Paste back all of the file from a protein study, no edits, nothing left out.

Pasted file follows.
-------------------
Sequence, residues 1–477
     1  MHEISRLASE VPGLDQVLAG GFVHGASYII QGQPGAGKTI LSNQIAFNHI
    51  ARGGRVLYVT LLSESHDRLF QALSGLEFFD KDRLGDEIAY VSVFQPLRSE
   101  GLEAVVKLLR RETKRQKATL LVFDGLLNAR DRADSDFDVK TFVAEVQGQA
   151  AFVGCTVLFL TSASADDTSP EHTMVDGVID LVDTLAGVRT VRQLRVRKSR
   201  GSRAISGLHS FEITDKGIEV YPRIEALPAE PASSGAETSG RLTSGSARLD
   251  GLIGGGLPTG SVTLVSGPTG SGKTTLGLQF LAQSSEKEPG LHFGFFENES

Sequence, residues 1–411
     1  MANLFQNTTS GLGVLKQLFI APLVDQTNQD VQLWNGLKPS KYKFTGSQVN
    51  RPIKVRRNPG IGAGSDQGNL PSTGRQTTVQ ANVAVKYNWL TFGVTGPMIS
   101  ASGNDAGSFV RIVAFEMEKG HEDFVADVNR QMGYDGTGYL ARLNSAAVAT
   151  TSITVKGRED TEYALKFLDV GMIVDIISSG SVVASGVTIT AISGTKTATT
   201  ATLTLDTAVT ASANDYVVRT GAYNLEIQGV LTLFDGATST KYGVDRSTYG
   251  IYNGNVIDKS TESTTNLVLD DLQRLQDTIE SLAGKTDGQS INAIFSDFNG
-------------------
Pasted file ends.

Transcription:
Sequence, residues 1–477
     1  MHEISRLASE VPGLDQVLAG GFVHGASYII QGQPGAGKTI LSNQIAFNHI
    51  ARGGRVLYVT LLSESHDRLF QALSGLEFFD KDRLGDEIAY VSVFQPLRSE
   101  GLEAVVKLLR RETKRQKATL LVFDGLLNAR DRADSDFDVK TFVAEVQGQA
   151  AFVGCTVLFL TSASADDTSP EHTMVDGVID LVDTLAGVRT VRQLRVRKSR
   201  GSRAISGLHS FEITDKGIEV YPRIEALPAE PASSGAETSG RLTSGSARLD
   251  GLIGGGLPTG SVTLVSGPTG SGKTTLGLQF LAQSSEKEPG LHFGFFENES

Sequence, residues 1–411
     1  MANLFQNTTS GLGVLKQLFI APLVDQTNQD VQLWNGLKPS KYKFTGSQVN
    51  RPIKVRRNPG IGAGSDQGNL PSTGRQTTVQ ANVAVKYNWL TFGVTGPMIS
   101  ASGNDAGSFV RIVAFEMEKG HEDFVADVNR QMGYDGTGYL ARLNSAAVAT
   151  TSITVKGRED TEYALKFLDV GMIVDIISSG SVVASGVTIT AISGTKTATT
   201  ATLTLDTAVT ASANDYVVRT GAYNLEIQGV LTLFDGATST KYGVDRSTYG
   251  IYNGNVIDKS TESTTNLVLD DLQRLQDTIE SLAGKTDGQS INAIFSDFNG